Median age = 25.1 years

CBD = 200 mg in divided doses


- There was an improvement in severity of depression (p = 0.017), verbal learning, memory performance, and frequency of positive psychotic-like symptoms (p = 0.025) with decreased level of distress from baseline to endpoint.

- The state anxiety increased with no change in trait anxiety, functional impairment, and accuracy on cognitive tests.

No side effects were reported.


Trigo et al., 2016

Cannabis moderate to severe use

Case series


Level 4


12-week follow-up phase with 4 weekly visits and 2 subsequent monthly visits

24–43 Mean age = 35 years

Self-titrated nabiximols = 77.5–113.4 mg THC

71.5–105 mg CBD

CWC, CCQ, TLFB for cannabis, tobacco, caffeine and alcohol

- Reduction in cannabis intake from baseline to endpoint with no compensatory increase in use of other substances (F(18,54) = 4.663, p < 0.001).

- The craving scores increased initially during the first 2 weeks with a subsequent reduction in craving from week 9 (F(18,54) = 7.091, p < 0.001) .

- No significant difference in withdrawal scores for the duration of study (F(18,54) = 0.805, p value = non-significant)

No side effects were reported.


Crippa et al., 2013

Cannabis withdrawal syndrome

Case report


Level 4


10 days


The dose of CBD was 300 mg on day 1 and 600 mg on days 2–10.

600 mg was administered in divided doses.


- CBD resulted in faster, progressive relief from withdrawal, anxiety, and dissociative symptoms.

- Marijuana withdrawal symptom checklist had drop of baseline score of 12 to zero, from 5 to zero for Withdrawal discomfort scale.

- The scores for Beck Anxiety Inventory decreased from 6 to zero and 10 to zero for Beck Depression Inventory.

- At 6 month follow-up, return to cannabis use but at a lower rate.

No side effects were reported.


Shannon & Lehman, 2015

Cannabis moderate to severe use

Case report


Level 4


Follow-up for 129 days


Initial regimen: 24 mg CBD (6 sprays as needed during the day and 2 sprays at night).

The dose was decreased to 18 mg with 6 spray at night only.

Self-reported cannabis use, PSQI, HAM-A

- Patient was able to maintain abstinence from cannabis.

- Improvement in HAM-A score from 16 to 8 was reported, indicating mild anxiety.

- Patient had a regular sleep schedule and scores of 7 to eight were reported.

No side effects were reported.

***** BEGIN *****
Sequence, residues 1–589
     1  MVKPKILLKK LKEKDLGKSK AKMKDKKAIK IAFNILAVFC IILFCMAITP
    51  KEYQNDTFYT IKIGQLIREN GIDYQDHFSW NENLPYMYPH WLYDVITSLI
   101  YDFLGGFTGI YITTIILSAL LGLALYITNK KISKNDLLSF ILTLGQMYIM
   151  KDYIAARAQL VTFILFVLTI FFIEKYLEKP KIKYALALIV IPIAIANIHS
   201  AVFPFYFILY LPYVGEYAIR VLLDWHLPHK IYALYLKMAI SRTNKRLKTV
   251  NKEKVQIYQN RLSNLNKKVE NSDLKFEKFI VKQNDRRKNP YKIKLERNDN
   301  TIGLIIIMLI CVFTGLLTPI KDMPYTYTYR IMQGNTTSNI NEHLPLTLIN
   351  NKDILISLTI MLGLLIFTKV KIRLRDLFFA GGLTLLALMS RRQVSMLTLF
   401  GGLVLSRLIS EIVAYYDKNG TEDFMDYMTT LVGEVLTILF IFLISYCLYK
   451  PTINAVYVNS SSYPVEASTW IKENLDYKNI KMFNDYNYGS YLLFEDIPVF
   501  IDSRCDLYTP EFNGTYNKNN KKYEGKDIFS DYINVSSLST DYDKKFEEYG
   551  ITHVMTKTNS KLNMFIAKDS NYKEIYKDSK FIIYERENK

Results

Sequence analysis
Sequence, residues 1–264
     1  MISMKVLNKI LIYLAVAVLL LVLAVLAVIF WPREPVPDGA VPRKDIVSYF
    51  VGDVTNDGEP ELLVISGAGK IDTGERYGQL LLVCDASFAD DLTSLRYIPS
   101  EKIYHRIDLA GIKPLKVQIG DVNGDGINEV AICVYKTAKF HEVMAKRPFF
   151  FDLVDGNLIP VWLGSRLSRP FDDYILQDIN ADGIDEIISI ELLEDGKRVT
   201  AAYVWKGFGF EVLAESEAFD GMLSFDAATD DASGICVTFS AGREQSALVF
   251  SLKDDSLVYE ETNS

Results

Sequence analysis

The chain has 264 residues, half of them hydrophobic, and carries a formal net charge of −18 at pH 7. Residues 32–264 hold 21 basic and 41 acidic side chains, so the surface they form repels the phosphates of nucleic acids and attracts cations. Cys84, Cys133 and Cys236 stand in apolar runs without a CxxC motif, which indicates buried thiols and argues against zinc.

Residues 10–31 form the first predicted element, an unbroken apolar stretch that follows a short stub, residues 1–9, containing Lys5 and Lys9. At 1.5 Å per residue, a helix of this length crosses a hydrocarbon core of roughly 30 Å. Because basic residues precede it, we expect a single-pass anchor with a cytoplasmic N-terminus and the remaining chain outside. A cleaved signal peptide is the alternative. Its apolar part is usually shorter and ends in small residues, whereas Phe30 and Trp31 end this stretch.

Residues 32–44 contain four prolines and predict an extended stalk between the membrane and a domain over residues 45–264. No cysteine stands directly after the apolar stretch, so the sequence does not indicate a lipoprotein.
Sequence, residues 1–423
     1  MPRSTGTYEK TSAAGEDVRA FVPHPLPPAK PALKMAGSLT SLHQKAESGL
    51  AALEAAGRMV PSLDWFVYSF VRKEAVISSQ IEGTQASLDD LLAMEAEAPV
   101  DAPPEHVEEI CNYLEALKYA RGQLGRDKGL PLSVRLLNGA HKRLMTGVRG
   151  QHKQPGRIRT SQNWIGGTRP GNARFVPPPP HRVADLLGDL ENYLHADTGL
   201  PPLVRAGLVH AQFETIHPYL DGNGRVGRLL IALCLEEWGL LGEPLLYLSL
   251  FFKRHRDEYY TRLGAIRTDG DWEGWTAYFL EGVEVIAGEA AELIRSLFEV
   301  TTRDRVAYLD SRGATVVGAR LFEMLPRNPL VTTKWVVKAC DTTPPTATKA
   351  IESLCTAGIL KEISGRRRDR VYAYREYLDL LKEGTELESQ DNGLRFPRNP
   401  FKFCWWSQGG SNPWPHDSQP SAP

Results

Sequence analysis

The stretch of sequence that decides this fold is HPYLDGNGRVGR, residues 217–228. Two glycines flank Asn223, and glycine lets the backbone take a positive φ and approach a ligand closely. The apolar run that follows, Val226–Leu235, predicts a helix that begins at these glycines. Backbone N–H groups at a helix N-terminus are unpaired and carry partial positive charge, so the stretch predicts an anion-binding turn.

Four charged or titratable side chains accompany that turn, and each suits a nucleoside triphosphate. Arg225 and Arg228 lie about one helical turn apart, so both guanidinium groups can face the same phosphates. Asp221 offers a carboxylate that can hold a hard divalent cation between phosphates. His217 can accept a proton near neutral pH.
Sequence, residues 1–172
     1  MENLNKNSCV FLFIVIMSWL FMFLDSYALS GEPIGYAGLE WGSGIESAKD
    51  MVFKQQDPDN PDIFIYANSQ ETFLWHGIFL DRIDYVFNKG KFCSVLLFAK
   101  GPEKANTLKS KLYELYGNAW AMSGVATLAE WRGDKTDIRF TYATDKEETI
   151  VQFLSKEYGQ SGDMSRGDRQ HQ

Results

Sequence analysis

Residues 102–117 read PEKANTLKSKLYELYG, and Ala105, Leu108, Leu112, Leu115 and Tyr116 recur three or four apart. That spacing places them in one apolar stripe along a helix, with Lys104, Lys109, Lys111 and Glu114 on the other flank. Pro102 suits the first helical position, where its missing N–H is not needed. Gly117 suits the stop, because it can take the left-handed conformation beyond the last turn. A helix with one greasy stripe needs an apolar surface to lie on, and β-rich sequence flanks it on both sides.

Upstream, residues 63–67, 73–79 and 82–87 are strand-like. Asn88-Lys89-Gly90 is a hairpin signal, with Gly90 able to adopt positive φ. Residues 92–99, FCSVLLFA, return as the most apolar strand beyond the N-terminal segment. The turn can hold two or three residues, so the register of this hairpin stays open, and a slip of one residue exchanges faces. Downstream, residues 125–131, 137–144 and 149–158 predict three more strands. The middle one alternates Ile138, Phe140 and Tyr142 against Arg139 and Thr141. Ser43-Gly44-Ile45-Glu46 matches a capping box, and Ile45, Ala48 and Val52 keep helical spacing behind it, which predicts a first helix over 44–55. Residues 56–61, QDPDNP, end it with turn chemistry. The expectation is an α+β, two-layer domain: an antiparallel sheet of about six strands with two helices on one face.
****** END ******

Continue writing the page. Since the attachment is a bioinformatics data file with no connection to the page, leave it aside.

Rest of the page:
1. ARCI: Addiction Research Center Inventory, ASI: Addiction Severity Index, AST: Attention Switching Task, BDI: Beck Depression Inventory, BPRS: Brief Psychiatric Rating Scale, CAPE: Community Assessment of Psychic Experiences-Positive Scale, CBD: cannabidiol, CBT: cognitive–behavioral therapy, CCQ: Cannabis Craving Questionnaire, CWS: Cannabis Withdrawal Scale, DEQ: Drug Effects Questionnaire, FTND: Fagerstrom Test for Nicotine Dependence, GAF: Global Assessment of Functioning, HAM-A: Hamilton Anxiety Rating Scale, HDRS: Hamilton Rating Scale for Depression, MCQ: Marijuana Craving Questionnaire, MCQ-SF: Marijuana Craving Questionnaire-Short Form, MET: motivational enhancement therapy, MNWS: Minnesota Nicotine Withdrawal Scale, MWC: Marijuana Withdrawal Symptom Checklist, PSQI: Pittsburgh Sleep Quality Index, RAVLT: Rey Auditory Verbal Learning Test, SAFTEE: Systematic Assessment for Treatment Emergent Events, SOFAS: Social and Occupational Functioning Assessment Scale, SMHSQ: St Mary’s Hospital Sleep Questionnaire, STAI: Spielberger State-Trait Anxiety Inventory, TLFB: Timeline Follow-Back, WDS: Withdrawal Discomfort Score, THCCOOH: 11-nor-9-carboxy-Δ9-tetrahydrocannnabinol, Δ9-THC: Δ9-tetrahydrocannabinol
  2. “The Oxford Centre for Evidence-Based Medicine 2011 Levels of Evidence was used to grade the quality of evidence (OCEBM, 2019). Level 1 evidence is for systematic review of RCTs or individual RCT of narrow confidence interval, Level 2 for cohort studies or systematic review of cohort studies, Level 3 for case-control studies or systematic review of case-control studies, and Level 4 for case-series for studies focused on therapy, prevention, etiology and harm (OCEBM, 2019)